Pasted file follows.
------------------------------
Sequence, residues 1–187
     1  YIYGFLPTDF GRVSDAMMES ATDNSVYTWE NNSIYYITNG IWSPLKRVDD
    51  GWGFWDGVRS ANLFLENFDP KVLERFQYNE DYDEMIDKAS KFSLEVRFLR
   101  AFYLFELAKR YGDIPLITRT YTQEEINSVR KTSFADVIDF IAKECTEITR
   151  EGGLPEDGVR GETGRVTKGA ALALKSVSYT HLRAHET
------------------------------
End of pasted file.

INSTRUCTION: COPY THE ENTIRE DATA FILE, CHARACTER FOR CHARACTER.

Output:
Sequence, residues 1–187
     1  YIYGFLPTDF GRVSDAMMES ATDNSVYTWE NNSIYYITNG IWSPLKRVDD
    51  GWGFWDGVRS ANLFLENFDP KVLERFQYNE DYDEMIDKAS KFSLEVRFLR
   101  AFYLFELAKR YGDIPLITRT YTQEEINSVR KTSFADVIDF IAKECTEITR
   151  EGGLPEDGVR GETGRVTKGA ALALKSVSYT HLRAHET